Oakland grew in the 20th century into a major industrial city. By the 1920s, it was the home of several industries, including metals, canneries, bakeries, automotive and automobiles, as well as shipbuilding. It also was where the son of General Motors founder William Durant established Durant Field in 1916, which became the site of early postal air service. Notably, the east bay area became home to many war-related industries during World War II. Among these, the Kaiser Shipyards in nearby Richmond were the genesis of today’s giant HMO, Kaiser Permanente, which still maintains its home office in Oakland.

The city has been the origin of other cultural icons: Rocky Road ice cream was invented in Oakland in 1929 by William Dreyer, although he may have been inspired by his partner Joseph Edy’s similar candy creation. The Mai Tai cocktail was first concocted in Oakland in 1944, and became very popular with military and civilian customers at Trader Vic’s in Oakland. Established in 1932, Trader Vic’s was so successful that the restaurant was chosen by the State Department as the official entertainment center for foreign dignitaries attending United Nations meetings in San Francisco. Oakland can count among its notable residents Gertrude Stein, American avant-guard author and art collector, who spent her early years there.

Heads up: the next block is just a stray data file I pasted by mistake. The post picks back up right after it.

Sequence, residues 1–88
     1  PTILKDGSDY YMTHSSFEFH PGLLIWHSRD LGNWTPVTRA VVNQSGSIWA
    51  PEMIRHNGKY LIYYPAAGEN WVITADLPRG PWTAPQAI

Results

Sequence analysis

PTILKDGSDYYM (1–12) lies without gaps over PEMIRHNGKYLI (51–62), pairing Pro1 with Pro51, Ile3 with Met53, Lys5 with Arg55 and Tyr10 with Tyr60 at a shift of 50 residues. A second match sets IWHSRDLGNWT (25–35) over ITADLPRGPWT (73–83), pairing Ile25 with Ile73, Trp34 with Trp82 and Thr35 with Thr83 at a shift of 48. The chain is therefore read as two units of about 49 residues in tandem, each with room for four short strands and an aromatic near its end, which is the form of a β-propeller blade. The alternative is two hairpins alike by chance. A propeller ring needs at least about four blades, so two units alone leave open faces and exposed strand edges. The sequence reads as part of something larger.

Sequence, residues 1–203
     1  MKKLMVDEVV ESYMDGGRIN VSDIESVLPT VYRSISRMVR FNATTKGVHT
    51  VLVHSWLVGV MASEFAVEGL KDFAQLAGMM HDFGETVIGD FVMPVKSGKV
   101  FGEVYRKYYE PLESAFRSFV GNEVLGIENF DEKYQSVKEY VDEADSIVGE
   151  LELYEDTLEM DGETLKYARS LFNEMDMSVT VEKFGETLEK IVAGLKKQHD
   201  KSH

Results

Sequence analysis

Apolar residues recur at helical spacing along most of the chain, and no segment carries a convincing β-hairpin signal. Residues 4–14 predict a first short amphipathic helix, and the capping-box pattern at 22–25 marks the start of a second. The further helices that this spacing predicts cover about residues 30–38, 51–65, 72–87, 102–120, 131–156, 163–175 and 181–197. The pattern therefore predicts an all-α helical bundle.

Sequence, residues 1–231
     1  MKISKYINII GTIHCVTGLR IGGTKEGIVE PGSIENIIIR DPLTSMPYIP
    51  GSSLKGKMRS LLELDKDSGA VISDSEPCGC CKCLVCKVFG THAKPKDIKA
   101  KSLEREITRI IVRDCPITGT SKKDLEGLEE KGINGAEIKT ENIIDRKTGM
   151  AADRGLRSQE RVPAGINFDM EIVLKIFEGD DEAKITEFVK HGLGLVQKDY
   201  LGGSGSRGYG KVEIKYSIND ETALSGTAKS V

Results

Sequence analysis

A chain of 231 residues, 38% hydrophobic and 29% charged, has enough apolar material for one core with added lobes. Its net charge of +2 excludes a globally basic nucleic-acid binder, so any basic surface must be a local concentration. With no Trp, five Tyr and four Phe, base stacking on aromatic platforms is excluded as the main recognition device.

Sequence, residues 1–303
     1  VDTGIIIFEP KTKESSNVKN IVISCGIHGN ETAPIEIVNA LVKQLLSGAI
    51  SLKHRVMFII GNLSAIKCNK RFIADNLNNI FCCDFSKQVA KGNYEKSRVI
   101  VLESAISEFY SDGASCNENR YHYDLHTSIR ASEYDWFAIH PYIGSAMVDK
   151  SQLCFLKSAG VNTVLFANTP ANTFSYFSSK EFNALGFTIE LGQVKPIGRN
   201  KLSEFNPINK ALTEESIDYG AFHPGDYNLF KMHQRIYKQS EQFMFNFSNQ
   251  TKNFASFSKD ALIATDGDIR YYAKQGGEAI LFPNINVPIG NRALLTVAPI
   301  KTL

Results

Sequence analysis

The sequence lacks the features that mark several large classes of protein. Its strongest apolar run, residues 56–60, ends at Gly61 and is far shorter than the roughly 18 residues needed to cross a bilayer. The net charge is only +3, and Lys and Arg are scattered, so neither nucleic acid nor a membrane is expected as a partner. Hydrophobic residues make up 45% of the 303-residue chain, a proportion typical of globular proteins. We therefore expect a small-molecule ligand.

The San Joaquins service is primarily financed through funds made available by the State of California, Department of Transportation, and is managed by the San Joaquin Joint Powers Authority. The Capitol Corridor route is primarily financed and operated in partnership with the State of California. It is managed by the Capitol Corridor Joint Powers Authority (CCJPA), which partners with Amtrak, the Union Pacific Railroad, Caltrans and the communities comprising the CCJPA to continue development of a cost-effective, viable and safe intercity passenger rail service.


  • ATM not available
  • No elevator
  • No payphones
  • No Quik-Trak kiosks
  • No Restrooms
  • Unaccompanied child travel not allowed
  • No vending machines
  • No WiFi
  • Arrive at least minutes prior to departure
  • Indicates an accessible service.


  • Amtrak Express shipping not available
  • No checked baggage service
  • No checked baggage storage
  • Bike boxes not available
  • No baggage carts
  • Ski bags not available
  • No bag storage
  • Shipping boxes not available
  • No baggage assistance


    Indicates an accessible service.


  • No payphones
  • No accessible restrooms
  • No accessible ticket office
  • No accessible waiting room
  • No accessible water fountain
  • No high platform
  • No wheelchair
  • No wheelchair lift


Station Waiting Room Hours
No station waiting room hours at this location.
Ticket Office Hours
No ticket office at this location.
Passenger Assistance Hours
No passenger assistance service at this location.
Checked Baggage Service
No checked baggage at this location.
Parking Hours
No parking at this location.
Quik-Track Kiosk Hours
No Quik-Trak kiosks at this location.
Lounge Hours
No lounge at this location.
Amtrak Express Hours
No Amtrak Express at this location.